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Introduction to Citation

What is a citation?

"A reference providing information about where a particular quotation, text, etc., is to be found; a bibliographical reference."

- Oxford English Dictionary Online, version March 2015


Why cite?

  1. A citation informs a reader that material in your work, such as a quote, image, or idea, came from another source
  2. Citations acknowledge the work of others and provide pathways to their work.
  3. Citations establish your credibility as a serious scholar by providing evidence that you have thoroughly considered the topic.
  4. Failure to cite, or citing improperly, is considered plagiarism.

When to Cite

You need to cite your sources whenever you:

  • Quote a sentence or passage
  • Paraphrase or summarize ideas that are not your own
  • Make specific reference to the work of others
  • Utilize data or statistics
You do NOT need to cite:
  • Well-known and undisputed facts
  • Your own ideas expressed elsewhere in the same paper

What to Cite

Cite the source that you used. 

In other words, cite only what you have seen.  To cite a work that you have not seen or used is dishonest and can perpetuate inaccuracies.

Ideally, you should try to view original sources because other authors may have misrepresented quotes, statistics, ideas or meaning from an original source.

Example: A 2008 article examined the accuracy of citations to a commonly referenced hand surgery study.  Of 154 articles that referenced the original study, 63 (41%) had at least one inaccurate reference to this study.  The authors concluded: "Care must be taken in referencing biomedical literature, particularly articles that have a potentially profound impact on clinical patient management."

Miscitation Example

Miscitation Example

Source: Porrino, J. A., Tan, V., & Daluiski, A. (2008). Misquotation of a commonly referenced hand surgery study. The Journal of Hand Surgery, 33(1), 2–7.

Anatomy of a Citation

You need to provide enough information for your reader to easily find your sources.  The information that you include in a citation depends somewhat on the type of source, e.g. book, book chapter, journal article, website...

All citations include:

  • Author(s) and/or editor(s)
  • Title of the chapter or article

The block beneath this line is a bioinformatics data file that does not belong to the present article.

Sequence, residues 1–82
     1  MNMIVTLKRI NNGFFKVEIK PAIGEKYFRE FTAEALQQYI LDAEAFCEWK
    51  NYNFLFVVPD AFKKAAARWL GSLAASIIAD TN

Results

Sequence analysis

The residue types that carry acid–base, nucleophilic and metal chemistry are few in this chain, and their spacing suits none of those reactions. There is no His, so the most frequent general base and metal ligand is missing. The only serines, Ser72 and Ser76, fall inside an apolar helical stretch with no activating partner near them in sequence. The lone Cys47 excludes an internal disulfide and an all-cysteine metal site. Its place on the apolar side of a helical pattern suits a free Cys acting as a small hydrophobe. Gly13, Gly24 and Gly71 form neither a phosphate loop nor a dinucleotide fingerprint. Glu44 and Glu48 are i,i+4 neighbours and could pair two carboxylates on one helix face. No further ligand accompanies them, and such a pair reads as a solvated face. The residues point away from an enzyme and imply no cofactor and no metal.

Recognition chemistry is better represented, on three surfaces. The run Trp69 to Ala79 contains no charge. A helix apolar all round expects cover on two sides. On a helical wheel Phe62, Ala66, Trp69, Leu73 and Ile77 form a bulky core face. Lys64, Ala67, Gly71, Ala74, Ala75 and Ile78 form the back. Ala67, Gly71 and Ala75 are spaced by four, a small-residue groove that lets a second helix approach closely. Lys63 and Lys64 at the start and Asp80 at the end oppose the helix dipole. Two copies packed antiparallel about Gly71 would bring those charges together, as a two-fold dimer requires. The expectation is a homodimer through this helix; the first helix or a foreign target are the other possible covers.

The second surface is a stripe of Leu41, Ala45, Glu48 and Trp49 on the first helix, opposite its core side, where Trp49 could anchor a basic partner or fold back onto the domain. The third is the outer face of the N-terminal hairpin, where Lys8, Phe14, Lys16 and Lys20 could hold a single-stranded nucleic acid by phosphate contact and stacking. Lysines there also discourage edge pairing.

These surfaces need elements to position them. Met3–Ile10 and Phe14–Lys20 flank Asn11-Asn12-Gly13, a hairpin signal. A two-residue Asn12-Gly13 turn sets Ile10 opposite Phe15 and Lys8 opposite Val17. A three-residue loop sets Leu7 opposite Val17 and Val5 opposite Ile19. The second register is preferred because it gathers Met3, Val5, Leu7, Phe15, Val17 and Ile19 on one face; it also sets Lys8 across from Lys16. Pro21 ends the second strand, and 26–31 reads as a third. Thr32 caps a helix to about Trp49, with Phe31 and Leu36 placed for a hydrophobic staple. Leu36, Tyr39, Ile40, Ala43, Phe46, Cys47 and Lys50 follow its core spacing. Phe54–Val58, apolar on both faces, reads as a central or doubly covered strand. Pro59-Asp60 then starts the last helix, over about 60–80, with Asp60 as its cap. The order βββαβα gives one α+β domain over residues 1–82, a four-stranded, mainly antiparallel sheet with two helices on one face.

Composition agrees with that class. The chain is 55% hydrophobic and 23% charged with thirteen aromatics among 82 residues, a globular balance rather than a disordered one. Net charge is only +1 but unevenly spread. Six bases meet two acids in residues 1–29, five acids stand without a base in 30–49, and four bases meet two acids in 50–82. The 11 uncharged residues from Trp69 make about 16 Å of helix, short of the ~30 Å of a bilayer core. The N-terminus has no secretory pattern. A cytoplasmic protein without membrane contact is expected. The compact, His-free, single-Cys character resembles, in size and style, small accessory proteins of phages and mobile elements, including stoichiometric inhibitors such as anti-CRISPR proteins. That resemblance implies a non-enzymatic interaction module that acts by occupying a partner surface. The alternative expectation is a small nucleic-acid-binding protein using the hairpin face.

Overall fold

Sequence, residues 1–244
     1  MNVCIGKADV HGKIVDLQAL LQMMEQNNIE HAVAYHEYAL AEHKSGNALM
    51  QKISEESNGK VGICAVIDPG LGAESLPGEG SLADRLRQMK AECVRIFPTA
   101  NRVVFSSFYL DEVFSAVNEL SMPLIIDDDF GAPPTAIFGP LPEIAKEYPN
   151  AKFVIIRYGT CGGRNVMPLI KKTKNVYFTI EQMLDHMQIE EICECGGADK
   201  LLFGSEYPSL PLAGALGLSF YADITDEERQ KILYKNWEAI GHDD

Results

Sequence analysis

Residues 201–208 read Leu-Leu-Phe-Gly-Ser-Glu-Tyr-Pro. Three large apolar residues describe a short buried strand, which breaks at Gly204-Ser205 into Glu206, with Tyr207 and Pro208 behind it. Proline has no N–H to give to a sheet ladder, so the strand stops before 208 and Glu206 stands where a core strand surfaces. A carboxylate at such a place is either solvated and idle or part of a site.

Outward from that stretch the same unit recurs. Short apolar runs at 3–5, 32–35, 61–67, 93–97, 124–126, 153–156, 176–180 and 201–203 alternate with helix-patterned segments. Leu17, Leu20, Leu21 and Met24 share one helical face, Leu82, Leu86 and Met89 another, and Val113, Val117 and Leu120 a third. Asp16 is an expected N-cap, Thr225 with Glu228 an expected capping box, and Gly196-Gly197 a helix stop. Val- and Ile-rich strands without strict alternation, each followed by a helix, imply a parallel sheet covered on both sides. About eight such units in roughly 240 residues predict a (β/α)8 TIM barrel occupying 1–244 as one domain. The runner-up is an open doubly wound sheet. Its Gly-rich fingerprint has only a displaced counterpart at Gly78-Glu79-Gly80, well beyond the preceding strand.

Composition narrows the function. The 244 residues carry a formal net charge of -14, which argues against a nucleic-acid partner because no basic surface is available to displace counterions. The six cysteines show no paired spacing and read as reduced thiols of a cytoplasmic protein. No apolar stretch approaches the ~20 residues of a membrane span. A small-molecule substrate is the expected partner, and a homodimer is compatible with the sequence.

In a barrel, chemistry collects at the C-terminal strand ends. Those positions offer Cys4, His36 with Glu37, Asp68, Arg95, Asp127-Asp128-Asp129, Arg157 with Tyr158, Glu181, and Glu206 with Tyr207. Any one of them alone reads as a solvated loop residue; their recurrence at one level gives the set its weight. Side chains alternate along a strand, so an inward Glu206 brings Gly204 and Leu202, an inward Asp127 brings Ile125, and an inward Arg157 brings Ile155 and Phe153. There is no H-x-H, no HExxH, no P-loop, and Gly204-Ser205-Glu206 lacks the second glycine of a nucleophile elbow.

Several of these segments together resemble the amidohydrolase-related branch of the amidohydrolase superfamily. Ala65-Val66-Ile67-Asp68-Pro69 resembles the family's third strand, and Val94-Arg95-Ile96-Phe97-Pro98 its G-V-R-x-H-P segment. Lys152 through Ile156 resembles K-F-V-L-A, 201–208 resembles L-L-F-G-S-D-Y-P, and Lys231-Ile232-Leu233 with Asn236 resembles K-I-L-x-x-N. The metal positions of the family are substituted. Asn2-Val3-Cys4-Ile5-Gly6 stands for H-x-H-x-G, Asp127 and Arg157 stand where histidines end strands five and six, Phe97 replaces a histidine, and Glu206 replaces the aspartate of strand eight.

• Title of the book or journal
  • Year of publication

In addition to the information above, citations for BOOKS or BOOK CHAPTERS include:

  • Place of publication
  • Publisher
  • Pages of chapter (if applicable)

In addition to the information above, citations for JOURNAL ARTICLES include:

  • Volume
  • Issue
  • Pages of article

How to Format a Citation

There are two basic approaches to citation:

  • In-text citations + a list of references at the end of the paper
  • Endnotes or footnotes +/- a bibliography at the end of the paper

Scholars writing in the sciences and social sciences typically use in-text citations, while humanities scholars utilize endnotes/footnotes.

While the two basic approaches to citations are simple, there are many different citation styles.

What is a citation style?

The way that citations appear (format) depends on the citation style, which is a set of established rules and conventions for documenting sources.

Citation styles can be defined by an association, such as the Modern Language Association (MLA), publisher, such as the University of Chicago Press, or journal, such as The New England Journal of Medicine.

See below for examples of different citation styles.

What citation style should I use?

The citation style that you use depends on the discipline in which you are writing, and where, or by whom, your work will be published or read.

When in doubt, ask your professor if there is a particular style that he/she would like you to use. 

Where can I find more information on how to cite a specific type of source in a particular style?

The library has style manuals in print and online for several commonly used styles such as American Psychological Association (APA), Modern Language Association (MLA) and Chicago.  In addition, there are several excellent citation style guides on the web.

See below for resources on formatting citations in a specific style.

Citation Styles: American Psychological Association (APA)


Frank, H. (2011). Wolves, Dogs, Rearing and Reinforcement: Complex Interactions Underlying Species Differences in Training and Problem-Solving Performance. Behavior Genetics41(6), 830-839. 

Citation Styles: Modern Language Association (MLA)


Frank, H. "Wolves, Dogs, Rearing and Reinforcement: Complex Interactions Underlying Species Differences in Training and Problem-Solving Performance." Behavior Genetics 41.6 (2011): 830-39. Print.

Citation Styles: Chicago


Frank, H. 2011. "Wolves, Dogs, Rearing and Reinforcement: Complex Interactions Underlying Species Differences in Training and Problem-Solving Performance."  Behavior Genetics 41 (6):830-839. 

Citation Management Tools

This page provides you with additional information about citations, includes links to citation managers available at Brown, and to a copyright primer:

Citation and Copyright at Brown

Example: Direct Quote Cited in a Book

Citation in Book

Source: Gabriel, R. A. (2001). Gods of Our Fathers: The Memory of Egypt in Judaism & Christianity. Westport, CT, USA: Greenwood Press.

Example: Reference within a Journal Article

Citation in Journal Article

Source: Bradt, J., Potvin, N., Kesslick, A., Shim, M., Radl, D., Schriver, E., … Komarnicky-Kocher, L. T. (2015). The impact of music therapy versus music medicine on psychological outcomes and pain in cancer patients: a mixed methods study. Supportive Care in Cancer : Official Journal of the Multinational Association of Supportive Care in Cancer, 23(5), 1261–71.

Test Yourself

Provide proper citations for the three articles you selected on the  Evaluate Resources page using either APA, Chicago, or MLA citation styles.